As newly inaugurated President Donald Trump signs one executive order after another, not every bit of positive (or negative) fallout is immediately obvious. For example, the orders reviving the Keystone and Dakota Access pipeline projects brought good news to the steel industry that not everyone noticed.
That’s because buried within those orders was a requirement that the pipelines be built with American steel “like we used to in the old days.” Despite a lack of widespread awareness, investors caught on quickly.
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Steel Stock Results Mixed
Two others, Olympic Steel (NASDAQ:ZEUSC) and AK Steel (NYSE:AKSB) closed down 1.76% and 6.57% respectively. AK dropped following a conference call in which the company said it sees Q1 prices "relatively flat" versus the just reported Q4.
Revival May Be Underway
While signing the orders Trump said, "We build the pipelines. We want to build the pipe. It's going to put a lot of workers, a lot of steelworkers back to work." This was music to steelworkers’ ears, not to mention the ears of investors who have been waiting for a positive sign.
Reviving the steel industry in the U.S. was focus of Trump’s presidential campaign. One major part of that was a pledge to take a tough stance on China moving forward with regard to steel dumping and price fixing.
AK Down But Not Out
Share of AK Steel traded up 10.4% early Tuesday on stronger-than-expected fourth quarter earnings. Following the conference call, shares dropped. This is not to negate the positive earnings of 25 cents per share on revenue of $1.42 million. Especially since Wall Street expected earnings of 6 cents per share on revenue of $1.41 million.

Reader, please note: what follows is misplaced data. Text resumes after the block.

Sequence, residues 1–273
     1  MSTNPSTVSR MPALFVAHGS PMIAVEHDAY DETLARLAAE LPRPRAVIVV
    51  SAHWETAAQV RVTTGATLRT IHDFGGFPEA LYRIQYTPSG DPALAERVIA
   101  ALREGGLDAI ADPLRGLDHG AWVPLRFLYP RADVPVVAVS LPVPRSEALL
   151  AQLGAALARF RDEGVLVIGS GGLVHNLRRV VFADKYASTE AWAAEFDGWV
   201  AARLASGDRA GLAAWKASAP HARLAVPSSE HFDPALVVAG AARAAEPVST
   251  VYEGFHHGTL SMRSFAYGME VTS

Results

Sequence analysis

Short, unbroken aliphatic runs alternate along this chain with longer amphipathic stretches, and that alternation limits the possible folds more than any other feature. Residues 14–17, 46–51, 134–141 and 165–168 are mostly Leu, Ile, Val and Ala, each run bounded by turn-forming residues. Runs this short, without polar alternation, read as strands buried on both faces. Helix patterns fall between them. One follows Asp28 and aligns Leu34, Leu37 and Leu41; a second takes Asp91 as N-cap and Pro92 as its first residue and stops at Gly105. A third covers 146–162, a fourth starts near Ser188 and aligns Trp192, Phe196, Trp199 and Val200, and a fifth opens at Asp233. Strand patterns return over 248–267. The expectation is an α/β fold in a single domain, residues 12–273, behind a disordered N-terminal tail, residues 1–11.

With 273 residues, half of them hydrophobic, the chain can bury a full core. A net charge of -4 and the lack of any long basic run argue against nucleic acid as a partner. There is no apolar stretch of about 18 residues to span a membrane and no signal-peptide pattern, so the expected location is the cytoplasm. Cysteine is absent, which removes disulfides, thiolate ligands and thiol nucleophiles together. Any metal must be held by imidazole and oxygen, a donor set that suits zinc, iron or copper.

The full impact of Trump’s executive orders may still to be felt. At any rate AK Steels shares are down almost 15% year to date but are up a phenomenal 350% over the past 12 months.
Along Comes Aluminum
Meanwhile, steel isn’t the only metal hoping to be part of the "making America great again" movement. Alcoa Corp. (NYSE: AA) was founded in 1888 and went through a radical transformation recently splitting into two companies in 2016.
The Alcoa part still mines, smelts and refines aluminum and hopes to see a resurgence in demand for its product under Trump. The new part, Arconic Inc. (NYSE:ARNCA) makes parts for specific industries, mostly aerospace and automotive.
After posting a loss, Alcoa noted that shipments of aluminum products were up climbing to 852,000 metric tons from 819,000 metric tons.
The company expects growth of 4% in the new year (over 2016). Shares of Alcoa rose 3.6% to $38.83 in after-hours trading Tuesday.